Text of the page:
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Associated projects

Clinical outcome assessment in hand surgery

Others in related specialties

Dr David Fawkner-Corbett, ACF in Paediatric Surgery

Dr Oliver McCallion, ACF in Paediatric Surgery


ACF in Surgery - Plastic

Dr Jeremy Rodrigues

Pathway to an ACF

I always considered myself to be a scientist.  Undergraduate medical education in Edinburgh had a strong slant towards research experience. I pursued an intercalated BSc in Experimental Pathology, which involved a lab-based project, and undertook a clinical project on my elective period at The University of Melbourne.

At postgraduate level, I have found research to be the most stimulating and intellectually challenging part of my job. My interest in an academic career was consolidated through the experiences of completing an MSc and my PhD research.  My recently submitted thesis focussed on the validity and interpretability of outcome measurement in hand surgery, and pragmatic clinical trial design. 

What does the work involve?

Plastic surgery is atypical, as plastics ACFs are appointed at ST3 level, rather than at ST1 level. I held a clinical registrar national training number in Yorkshire, but moved to this ACF post to develop an academic career. 

Previously, I had completed a period out of programme and submitted a PhD thesis.  Due to my situation, I sought to have academic time integrated into my weekly schedule, rather than longer blocks of time. This has been well supported and works well, as regular time allocation facilitates continuity in my research at post-doctoral level.

Becoming an ACF in Oxford has brought a range of opportunities.  The programme provides a broad and immersive academic experience.  At the same time, I feel well supported clinically and academically, and my career development is considered in an individualised manner. I should also mention that ACFs are funded to do Oxford’s Diploma in Health Research, and that, even though I have had some previous research training and experience, I have found this academic training very useful.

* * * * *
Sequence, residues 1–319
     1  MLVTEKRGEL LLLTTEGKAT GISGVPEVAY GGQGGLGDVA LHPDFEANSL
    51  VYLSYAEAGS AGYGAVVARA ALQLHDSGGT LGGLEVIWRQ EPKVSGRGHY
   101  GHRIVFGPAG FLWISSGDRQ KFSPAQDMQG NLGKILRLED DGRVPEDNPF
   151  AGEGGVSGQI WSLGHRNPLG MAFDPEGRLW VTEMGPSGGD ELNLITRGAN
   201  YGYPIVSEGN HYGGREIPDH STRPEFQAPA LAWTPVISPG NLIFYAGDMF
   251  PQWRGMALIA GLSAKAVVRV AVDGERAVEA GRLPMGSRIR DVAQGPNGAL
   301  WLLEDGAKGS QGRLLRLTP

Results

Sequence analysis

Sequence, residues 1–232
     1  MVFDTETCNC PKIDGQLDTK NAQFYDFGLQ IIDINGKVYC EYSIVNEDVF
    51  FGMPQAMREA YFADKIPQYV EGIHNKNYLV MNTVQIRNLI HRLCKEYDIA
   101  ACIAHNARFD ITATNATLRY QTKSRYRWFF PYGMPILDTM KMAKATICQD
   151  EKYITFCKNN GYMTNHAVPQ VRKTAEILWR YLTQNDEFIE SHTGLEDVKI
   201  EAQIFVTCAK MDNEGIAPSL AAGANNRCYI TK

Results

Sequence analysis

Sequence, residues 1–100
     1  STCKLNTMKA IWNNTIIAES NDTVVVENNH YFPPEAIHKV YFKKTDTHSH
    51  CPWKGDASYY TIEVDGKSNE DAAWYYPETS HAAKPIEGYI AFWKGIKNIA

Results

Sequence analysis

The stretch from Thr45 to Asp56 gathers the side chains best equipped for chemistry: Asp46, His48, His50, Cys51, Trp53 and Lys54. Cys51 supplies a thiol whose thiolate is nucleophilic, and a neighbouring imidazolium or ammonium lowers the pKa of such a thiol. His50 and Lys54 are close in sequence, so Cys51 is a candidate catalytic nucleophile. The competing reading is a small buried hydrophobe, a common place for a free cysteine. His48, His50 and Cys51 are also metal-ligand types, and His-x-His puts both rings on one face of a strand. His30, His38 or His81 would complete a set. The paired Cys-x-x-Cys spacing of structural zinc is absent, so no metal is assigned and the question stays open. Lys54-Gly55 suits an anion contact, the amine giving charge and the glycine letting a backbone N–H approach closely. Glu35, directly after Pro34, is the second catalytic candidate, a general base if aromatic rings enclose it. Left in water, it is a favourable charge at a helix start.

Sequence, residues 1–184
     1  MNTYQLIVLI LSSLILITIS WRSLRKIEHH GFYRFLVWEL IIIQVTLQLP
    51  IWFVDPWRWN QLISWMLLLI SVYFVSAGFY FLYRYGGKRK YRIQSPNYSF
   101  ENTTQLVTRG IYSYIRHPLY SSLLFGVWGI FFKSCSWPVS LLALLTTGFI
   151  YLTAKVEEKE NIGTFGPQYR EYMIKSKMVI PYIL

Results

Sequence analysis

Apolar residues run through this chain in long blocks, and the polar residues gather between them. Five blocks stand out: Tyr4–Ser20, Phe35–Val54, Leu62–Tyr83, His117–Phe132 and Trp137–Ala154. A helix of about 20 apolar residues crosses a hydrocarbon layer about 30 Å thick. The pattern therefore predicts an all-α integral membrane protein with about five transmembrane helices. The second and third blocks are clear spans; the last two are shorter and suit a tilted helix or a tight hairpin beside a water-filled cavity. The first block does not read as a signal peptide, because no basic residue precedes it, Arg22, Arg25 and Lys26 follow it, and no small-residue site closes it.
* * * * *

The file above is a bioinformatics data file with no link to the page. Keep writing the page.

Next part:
There are, of course, challenges.  Plastic surgery is highly technically demanding. Clinical training requires a significant commitment, and combining this with academic training results in a large workload, if one strives to maintain high standards in both. The solution to this has been to extend my training with the aim of balancing a career as both a clinician and a scientist. 

Why Oxford?

Oxford has a well-deserved reputation as a leading centre for research.  I was aware of its position at the forefront of academic plastic surgery in the UK, and that the unit continues to develop further.  Additionally, the Nuffield Department of Orthopaedics, Rheumatology and Musculoskeletal Sciences (NDORMS) has an established track record of high-quality work in clinical outcome measurement in musculoskeletal conditions. The combination of these factors made the decision to apply for this post very straightforward. 

June 2015